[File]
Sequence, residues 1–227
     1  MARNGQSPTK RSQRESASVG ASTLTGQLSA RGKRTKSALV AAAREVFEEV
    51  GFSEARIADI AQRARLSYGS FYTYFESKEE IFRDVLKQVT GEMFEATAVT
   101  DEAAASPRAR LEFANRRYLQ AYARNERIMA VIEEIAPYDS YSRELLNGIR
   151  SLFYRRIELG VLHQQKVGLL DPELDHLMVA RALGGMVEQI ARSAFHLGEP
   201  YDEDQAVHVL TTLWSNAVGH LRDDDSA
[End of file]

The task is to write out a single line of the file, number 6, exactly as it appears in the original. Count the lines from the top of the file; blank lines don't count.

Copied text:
   201  YDEDQAVHVL TTLWSNAVGH LRDDDSA